Workers with Disabilities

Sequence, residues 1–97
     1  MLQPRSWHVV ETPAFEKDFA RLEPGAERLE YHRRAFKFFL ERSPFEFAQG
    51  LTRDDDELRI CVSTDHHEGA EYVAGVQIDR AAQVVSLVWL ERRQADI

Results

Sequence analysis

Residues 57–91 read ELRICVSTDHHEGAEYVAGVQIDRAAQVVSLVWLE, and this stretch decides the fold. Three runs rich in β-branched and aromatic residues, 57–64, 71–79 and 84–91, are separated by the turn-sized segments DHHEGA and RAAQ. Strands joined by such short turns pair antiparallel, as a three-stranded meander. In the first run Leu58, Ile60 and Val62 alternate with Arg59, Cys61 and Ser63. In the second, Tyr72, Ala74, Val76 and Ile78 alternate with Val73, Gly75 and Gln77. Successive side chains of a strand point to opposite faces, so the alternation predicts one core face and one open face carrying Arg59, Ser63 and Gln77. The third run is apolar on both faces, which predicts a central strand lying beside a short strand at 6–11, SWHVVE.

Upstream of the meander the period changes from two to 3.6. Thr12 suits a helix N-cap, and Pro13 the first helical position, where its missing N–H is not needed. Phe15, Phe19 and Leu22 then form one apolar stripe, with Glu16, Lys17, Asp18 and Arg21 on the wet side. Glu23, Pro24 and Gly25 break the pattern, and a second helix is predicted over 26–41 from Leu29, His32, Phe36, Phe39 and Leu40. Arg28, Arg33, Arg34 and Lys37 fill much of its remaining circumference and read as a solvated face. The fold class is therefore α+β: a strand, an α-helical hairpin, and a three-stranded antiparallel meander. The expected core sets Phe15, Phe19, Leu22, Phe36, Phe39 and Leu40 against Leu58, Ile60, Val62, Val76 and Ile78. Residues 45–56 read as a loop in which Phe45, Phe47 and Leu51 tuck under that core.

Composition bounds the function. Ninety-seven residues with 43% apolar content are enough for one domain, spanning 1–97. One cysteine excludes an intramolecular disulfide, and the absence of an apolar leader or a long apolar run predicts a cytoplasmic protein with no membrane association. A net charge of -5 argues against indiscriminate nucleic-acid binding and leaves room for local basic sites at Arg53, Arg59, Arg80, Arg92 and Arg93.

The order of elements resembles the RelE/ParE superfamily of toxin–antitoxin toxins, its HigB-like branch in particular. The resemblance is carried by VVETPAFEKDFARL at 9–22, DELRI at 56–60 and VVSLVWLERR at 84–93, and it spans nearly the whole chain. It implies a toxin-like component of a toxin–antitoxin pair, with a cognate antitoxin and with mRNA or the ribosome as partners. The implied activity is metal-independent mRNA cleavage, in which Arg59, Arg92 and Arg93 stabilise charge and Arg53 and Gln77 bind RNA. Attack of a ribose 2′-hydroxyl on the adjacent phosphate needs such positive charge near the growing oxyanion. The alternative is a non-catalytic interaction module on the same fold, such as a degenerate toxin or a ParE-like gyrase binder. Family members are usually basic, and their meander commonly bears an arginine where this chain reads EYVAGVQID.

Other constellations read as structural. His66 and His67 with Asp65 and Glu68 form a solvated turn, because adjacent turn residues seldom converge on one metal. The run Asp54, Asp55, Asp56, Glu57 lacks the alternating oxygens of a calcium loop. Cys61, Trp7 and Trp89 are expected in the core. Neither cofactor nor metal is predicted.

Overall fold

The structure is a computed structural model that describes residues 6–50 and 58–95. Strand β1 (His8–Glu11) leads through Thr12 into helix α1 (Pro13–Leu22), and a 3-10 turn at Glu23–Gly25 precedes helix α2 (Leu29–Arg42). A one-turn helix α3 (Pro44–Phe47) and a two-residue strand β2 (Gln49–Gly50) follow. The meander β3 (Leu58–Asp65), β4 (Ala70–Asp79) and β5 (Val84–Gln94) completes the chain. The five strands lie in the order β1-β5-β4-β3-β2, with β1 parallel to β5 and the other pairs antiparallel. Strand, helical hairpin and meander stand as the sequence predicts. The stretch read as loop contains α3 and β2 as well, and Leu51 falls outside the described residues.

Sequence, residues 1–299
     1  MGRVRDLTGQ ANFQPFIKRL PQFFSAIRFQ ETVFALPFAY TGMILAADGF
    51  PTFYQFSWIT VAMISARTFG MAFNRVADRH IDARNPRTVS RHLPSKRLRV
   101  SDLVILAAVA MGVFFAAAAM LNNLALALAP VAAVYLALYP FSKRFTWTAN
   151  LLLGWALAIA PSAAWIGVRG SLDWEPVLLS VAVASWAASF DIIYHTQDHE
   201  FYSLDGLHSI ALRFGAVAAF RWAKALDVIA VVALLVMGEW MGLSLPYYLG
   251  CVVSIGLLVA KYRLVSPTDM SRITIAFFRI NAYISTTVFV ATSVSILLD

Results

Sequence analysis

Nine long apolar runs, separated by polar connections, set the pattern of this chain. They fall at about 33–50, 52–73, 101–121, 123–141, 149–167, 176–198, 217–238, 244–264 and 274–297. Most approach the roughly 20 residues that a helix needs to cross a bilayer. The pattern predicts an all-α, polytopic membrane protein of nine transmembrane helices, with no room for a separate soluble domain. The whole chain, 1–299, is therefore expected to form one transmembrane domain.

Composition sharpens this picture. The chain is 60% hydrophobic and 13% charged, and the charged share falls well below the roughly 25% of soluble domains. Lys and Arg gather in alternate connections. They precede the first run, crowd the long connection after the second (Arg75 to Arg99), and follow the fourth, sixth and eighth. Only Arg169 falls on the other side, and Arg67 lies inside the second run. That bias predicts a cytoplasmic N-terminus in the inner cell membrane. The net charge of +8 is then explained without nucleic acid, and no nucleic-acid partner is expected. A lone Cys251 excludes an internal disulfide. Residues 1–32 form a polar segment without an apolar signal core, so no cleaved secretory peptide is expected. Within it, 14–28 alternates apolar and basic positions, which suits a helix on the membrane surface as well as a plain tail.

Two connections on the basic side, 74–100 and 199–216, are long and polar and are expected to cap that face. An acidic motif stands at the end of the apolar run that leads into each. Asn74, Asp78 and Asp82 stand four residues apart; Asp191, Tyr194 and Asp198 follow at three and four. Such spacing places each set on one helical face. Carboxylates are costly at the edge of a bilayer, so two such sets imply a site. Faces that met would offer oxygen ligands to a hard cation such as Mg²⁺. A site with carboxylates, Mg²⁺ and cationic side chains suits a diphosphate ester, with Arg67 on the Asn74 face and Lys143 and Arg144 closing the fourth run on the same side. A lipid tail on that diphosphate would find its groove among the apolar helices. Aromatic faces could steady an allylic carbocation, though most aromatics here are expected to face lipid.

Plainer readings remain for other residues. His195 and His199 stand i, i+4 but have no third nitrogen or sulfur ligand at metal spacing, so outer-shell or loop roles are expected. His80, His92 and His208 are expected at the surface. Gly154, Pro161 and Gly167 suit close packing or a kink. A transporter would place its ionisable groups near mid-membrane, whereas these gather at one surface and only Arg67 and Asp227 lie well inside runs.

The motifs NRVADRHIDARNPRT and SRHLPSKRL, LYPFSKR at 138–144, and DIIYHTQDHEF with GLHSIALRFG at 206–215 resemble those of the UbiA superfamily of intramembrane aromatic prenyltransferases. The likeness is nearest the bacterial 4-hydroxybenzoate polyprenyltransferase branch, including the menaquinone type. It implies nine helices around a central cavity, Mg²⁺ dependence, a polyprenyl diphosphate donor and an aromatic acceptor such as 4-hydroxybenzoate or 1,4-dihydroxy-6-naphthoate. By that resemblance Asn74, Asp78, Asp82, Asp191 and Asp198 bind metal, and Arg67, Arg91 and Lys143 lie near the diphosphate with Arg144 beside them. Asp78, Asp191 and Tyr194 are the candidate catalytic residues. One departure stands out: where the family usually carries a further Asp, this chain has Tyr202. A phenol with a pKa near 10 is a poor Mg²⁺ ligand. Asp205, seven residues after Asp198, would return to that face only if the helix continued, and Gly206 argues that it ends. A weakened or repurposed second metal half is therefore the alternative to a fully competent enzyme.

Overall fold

Work takes on increased meaning for people who have physical disabilities ( Vash, 1981). Such individuals are generally viewed as not being capable employees when emphasis is put on physical abilities. Indeed, some employers believe that individuals with disabilities are less than normal. These employers are likely to recall a negative stereotype of physically disabled people and consequently expect less of their own workers with disabilities. They also often believe that individuals with disabilities should expect less of themselves. Thus, they are not surprised when an individual with a disability is unable to get a job. From a societal perspective, work: (1) is a source of self-respect, a way of achieving recognition or respect from others; (2) defines a person's identity, his or her role in society; (3) provides the opportunity for association with other people for building friendships; (4) allows for self-expression and provides the opportunity for creativity and new experiences; and (5) permits people to be of service to others. Work is a basic ingredient in modern culture; most people organize their lives around their occupations. Grave psychologic disturbances can result when individuals with disabilities who are able to work are barred from participating in this most important societal activity ( Eisenberg, Griggins & Duval, 1982). When individuals are unable to find or keep a job because of prejudices about their disabilities, physical disability becomes a handicap. The work capabilities of most people with physical disabilities have been demonstrated many times. Indeed, there are several factors more important than physical prowess for the performance of most jobs.